DRIVERS of public utility jeepneys (PUJ) and their officers, led by a certain George San Mateo, call their group PISTON, which stands for Pinagkaisang Samahan ng mga Tsuper at Operator Nationwide. They don’t want the government’s jeepney modernization program, which seeks to replace the aging and unsafe jeepneys still around, but to them would involve the additional expense of buying a new vehicle.
PISTON and its supporters, particularly the rich kids among the students who join their rallies, must be thinking, why should they care about the safety of their passengers? After all, only the ordinary workers and their poor children patronize public transport.
Apparently, the primary concern of PISTON and its member drivers are their daily take-home income, after deducting from the day’s revenue the share of their operators, if they don’t own the PUJs they drive.
How about the taxes due the Bureau of Internal Revenue (BIR)?
San Mateo and his PISTON should not forget their duty as citizens. If they have the right to inconvenience the poor, they also have obligations. Should the government tolerate the protest rallies by San Mateo and his group, who should be told that the government builds roads funded by taxes that income earners pay the BIR?
Some students even support San Mateo and his association in staging their protests along the public roads of Metro Manila. What an irony that PISTON’s sympathizers among students even joined the activist drivers in denouncing the government, which only wants a safer ride for the commuting public.
Why should these students even think of taxes as a government tool to raise money when their unexplained sympathy goes to PISTON alone and the association’s members?
It seems the San Mateo-led PISTON and these students do not care at all if the PUJs on our roads are dilapidated. To them, perhaps it is enough that they have the freedom to protest any of the government’s impositions on their group. Some of these students look too rich to be seen riding in old and aging PUJs, and surely go to their elite schools in chauffeur-driven, air-conditioned cars.
PUJs for the poor only
Have they thought about the ordinary students or the really poor ones among them? Perhaps to these sympathizers, the important thing is that they are able to protest this government initiative—any government move for that matter, even if it is to ensure the safety of the riding public.
Like their fellow activists who are members of the Kalipunan ng Damayang Mahihirap (Kadamay), PISTON member-drivers seem to want everything in this world for free. Like the Kadamay members who had taken over the vacant houses built by the government for soldiers as part of their benefits, the PISTON member-drivers showed an appetite for the free use of roads and hatred of paying income taxes.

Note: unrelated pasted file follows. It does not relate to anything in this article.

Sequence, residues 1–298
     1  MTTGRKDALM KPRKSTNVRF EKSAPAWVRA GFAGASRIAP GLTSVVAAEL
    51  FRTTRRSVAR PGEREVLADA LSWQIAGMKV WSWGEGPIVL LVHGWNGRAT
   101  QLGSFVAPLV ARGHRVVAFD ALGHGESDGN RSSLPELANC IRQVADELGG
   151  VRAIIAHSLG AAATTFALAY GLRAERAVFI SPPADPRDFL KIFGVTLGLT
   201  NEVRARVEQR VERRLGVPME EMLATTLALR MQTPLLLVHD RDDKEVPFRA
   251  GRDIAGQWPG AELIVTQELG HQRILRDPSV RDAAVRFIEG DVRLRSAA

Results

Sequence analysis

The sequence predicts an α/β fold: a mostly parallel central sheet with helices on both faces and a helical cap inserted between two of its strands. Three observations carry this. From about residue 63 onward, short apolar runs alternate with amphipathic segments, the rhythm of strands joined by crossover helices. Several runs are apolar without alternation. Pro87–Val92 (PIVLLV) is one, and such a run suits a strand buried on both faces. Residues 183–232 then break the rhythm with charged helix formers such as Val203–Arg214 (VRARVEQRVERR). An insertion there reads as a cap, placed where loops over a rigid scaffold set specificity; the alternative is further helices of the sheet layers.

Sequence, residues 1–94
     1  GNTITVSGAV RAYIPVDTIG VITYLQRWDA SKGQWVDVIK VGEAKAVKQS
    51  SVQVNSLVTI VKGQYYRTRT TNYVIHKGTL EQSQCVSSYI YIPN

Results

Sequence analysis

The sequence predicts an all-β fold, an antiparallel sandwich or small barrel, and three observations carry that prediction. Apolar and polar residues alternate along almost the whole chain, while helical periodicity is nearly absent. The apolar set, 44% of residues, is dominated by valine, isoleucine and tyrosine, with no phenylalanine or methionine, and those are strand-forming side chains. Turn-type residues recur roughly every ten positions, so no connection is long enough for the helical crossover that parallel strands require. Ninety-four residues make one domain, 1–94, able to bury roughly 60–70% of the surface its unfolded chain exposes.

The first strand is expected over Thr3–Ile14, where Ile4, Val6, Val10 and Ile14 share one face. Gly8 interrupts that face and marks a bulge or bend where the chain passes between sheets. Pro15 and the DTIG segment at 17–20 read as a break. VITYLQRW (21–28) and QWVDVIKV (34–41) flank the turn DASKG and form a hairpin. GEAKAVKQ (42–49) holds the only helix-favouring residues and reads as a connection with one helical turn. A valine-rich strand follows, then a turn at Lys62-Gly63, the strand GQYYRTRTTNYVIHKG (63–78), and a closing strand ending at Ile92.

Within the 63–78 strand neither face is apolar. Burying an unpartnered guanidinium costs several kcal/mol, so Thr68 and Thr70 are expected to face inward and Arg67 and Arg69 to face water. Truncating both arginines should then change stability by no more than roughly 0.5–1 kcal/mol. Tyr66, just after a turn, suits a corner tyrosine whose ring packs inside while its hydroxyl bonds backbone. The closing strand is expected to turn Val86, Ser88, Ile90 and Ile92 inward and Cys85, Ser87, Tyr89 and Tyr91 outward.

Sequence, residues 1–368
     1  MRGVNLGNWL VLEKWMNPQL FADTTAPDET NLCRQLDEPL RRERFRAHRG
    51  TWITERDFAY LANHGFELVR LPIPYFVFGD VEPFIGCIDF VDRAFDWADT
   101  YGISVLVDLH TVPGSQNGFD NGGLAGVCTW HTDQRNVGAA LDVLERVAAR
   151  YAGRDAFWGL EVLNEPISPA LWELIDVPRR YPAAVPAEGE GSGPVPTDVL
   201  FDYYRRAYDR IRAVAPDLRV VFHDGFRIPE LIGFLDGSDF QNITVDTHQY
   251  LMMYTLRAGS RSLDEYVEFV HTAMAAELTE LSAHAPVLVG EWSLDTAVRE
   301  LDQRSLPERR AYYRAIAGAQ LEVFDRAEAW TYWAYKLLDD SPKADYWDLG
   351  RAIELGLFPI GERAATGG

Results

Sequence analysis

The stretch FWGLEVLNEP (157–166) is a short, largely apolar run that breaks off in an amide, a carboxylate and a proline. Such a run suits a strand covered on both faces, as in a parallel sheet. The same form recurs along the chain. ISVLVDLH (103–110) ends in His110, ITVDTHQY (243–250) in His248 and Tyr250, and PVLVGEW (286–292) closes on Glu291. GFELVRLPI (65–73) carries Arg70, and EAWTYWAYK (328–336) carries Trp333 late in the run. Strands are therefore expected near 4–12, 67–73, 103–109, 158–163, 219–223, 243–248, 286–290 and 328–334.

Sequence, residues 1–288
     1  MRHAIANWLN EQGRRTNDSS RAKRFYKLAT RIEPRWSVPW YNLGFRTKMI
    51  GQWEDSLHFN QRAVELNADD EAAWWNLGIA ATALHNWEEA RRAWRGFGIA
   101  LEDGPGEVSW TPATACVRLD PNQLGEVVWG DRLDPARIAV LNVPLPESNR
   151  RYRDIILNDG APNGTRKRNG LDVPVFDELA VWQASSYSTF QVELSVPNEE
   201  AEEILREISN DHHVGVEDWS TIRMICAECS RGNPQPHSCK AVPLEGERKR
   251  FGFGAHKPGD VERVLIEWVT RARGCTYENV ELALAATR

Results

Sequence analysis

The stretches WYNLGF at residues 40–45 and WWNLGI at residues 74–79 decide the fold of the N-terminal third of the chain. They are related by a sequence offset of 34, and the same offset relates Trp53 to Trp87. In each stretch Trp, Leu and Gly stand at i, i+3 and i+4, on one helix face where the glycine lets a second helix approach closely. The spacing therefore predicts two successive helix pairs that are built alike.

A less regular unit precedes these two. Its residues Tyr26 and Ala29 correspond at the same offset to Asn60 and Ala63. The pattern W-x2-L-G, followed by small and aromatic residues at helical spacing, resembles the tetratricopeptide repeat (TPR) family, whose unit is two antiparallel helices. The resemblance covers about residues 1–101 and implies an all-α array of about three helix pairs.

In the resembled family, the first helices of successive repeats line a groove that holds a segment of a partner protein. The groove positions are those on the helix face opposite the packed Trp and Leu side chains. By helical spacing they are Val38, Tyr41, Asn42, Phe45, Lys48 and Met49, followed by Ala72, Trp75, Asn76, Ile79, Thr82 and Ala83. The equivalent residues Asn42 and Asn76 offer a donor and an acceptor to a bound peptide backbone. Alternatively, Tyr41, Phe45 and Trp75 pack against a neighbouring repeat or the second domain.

Like their student sympathizers, these PUJ drivers love driving but don’t respect the designated loading and unloading zones. They stop for passengers anywhere along the streets, particularly in Metro Manila. The same students who commiserate with the plight of these “poor” drivers know how to assert their right as Filipino citizens but ignore their obligations.
Why tolerate the PUJ drivers’ continued violation of traffic rules? The scenes last Monday, Dec. 4, as reported by media, were proof of their defiance of the government. The government is justified in protecting the public from getting hurt or even maimed by any of these protesters.
Taxing PUJ drivers
It is the duty of the BIR to go after income earners who don’t pay taxes. If this is so, it should include the PUJ drivers in its drive to improve tax collections. This is the only way the government could effectively and efficiently equalize tax collections. Tax every income earner accordingly.
If it would not be an incursion into BIR’s domain, Due Diligencer could only make a few suggestions. The government should audit PISTON and its PUJ drivers and operators. It should also audit their income to determine if they are paying the correct taxes. If they don’t pay at all, the BIR should start making them pay now, not tomorrow.
The question is how the BIR would include the PUJ drivers and their operators in its tax collection efforts. Why doesn’t the BIR tap the Commission on Audit (COA) to audit PISTON and the PUJ drivers to see if they are paying the correct taxes?
Due Diligencer’s take
If the public would care to google “PUJ drivers” for more information about them, they would find so many support measures taken by the government for them. One of these is the proposed P2.26-billion subsidy for jeepney drivers and their operators.
Due Diligencer is not against such funding. However, the government should take into account the BIR’s tax campaign to increase its tax collection. The income of PUJ drivers and their operators should be audited to determine if they are paying taxes at all. Who among them realize that public service is not totally free? For their information, taxes paid by either daily or monthly income earners are used to build new roads and repair or rehabilitate old ones.
By the way, will the BIR people tell the taxpayers – those who religiously remit taxes due the government – who among the PISTON member-drivers have their own tax identification number? Just asking.